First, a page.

At the Forge - jQuery
What makes jQuery so special and different? What does it offer? And, how can you integrate it into your applications? This month, I try to answer all of these questions, as we explore some of the basic features of jQuery. Next month, we'll look at some of the UI widgets that jQuery provides to spruce up our sites and make them more functional.
$('foo') // Prototype
to get the elements with id attributes of foo and bar. The number of parameters to Prototype's $() determines whether it returns a single value or an array, as well as how many elements that returned array contains.
Prototype also lets you retrieve items using CSS selectors (and a variety of pseudo-selectors), using the $$() function. For example:
$$('tr.even') // Prototype
returns an array (and always an array, even if it matches only a single object) of all of the tr tags with a class of even.
Well, jQuery works similarly, except that it has only a single function, $(). That function is smart enough to recognize what you want, based on a single CSS-style selector that you give it. (And yes, you may specify only a single selector.) However, id attributes need to begin with a # character, as is the case in CSS. Thus, you can say:
$('#foo') // jQuery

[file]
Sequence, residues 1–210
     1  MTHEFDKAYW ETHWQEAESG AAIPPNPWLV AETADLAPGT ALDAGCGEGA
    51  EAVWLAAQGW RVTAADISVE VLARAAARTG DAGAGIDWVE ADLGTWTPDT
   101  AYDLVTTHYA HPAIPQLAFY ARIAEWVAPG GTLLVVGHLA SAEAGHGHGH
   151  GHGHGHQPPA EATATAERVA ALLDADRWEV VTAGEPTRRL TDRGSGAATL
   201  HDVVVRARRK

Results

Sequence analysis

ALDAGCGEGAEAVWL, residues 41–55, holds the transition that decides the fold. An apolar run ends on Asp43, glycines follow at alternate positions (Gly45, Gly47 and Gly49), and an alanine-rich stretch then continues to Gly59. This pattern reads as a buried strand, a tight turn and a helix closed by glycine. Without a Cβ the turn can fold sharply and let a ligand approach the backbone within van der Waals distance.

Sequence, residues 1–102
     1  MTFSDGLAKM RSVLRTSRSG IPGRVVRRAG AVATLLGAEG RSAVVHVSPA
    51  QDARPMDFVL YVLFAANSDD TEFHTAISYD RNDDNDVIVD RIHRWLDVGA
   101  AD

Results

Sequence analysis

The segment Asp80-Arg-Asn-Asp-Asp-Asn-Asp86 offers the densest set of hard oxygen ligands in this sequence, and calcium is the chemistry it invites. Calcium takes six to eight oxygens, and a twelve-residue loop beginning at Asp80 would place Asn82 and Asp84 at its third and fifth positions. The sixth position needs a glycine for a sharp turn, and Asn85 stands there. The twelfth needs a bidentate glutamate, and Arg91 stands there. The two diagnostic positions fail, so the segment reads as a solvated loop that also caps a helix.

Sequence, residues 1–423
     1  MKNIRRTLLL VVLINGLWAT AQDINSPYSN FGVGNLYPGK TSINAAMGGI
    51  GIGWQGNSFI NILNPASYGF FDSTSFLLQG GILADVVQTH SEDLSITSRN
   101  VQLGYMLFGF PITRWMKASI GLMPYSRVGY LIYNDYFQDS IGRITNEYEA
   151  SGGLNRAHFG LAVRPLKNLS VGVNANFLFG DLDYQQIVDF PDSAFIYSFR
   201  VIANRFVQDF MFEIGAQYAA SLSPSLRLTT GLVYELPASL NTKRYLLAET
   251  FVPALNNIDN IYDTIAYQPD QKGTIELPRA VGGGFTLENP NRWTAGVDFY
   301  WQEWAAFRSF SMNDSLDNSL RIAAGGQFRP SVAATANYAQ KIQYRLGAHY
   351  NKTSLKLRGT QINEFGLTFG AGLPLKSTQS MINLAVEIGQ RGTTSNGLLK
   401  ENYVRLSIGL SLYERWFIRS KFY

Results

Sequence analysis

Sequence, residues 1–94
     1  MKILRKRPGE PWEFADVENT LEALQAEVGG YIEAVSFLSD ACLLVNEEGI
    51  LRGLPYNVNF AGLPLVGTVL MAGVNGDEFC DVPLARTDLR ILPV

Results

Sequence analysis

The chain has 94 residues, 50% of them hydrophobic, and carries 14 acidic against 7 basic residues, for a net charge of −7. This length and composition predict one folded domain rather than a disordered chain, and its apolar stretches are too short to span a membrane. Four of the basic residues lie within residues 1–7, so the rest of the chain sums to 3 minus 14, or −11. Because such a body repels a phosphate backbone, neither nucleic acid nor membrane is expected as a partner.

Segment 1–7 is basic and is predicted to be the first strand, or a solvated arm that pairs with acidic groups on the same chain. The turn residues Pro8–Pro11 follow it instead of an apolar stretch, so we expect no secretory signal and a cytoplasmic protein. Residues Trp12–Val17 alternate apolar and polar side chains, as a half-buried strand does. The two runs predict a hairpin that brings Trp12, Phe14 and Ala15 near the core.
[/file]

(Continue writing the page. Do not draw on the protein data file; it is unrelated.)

to get all the tags (and there should be only one such tag) that have an id attribute of foo, and:
$('tr.even') // jQuery
With all the industry talk about the benefits of Linux on Power and all the performance advantages offered by its open architecture, you may be considering a move in that direction. If you are thinking about analytics, big data and cloud computing, you would be right to evaluate Power. The idea of using commodity x86 hardware and replacing it every three years is an outdated cost model. It doesn’t consider the total cost of ownership, and it doesn’t consider the advantage of real processing power, high-availability and multithreading like a demon.
This ebook takes a look at some of the practical applications of the Linux on Power platform and ways you might bring all the performance power of this open architecture to bear for your organization. There are no smoke and mirrors here—just hard, cold, empirical evidence provided by independent sources. I also consider some innovative ways Linux on Power will be used in the future.Get the Guide
- Download "Linux Management with Red Hat Satellite: Measuring Business Impact and ROI"
- Profiles and RC Files
- Astronomy for KDE
- Maru OS Brings Debian to Your Phone
- Understanding Ceph and Its Place in the Market
- OpenSwitch Finds a New Home
- Git 2.9 Released
- SoftMaker FreeOffice
- The Giant Zero, Part 0.x
- Snappy Moves to New Platforms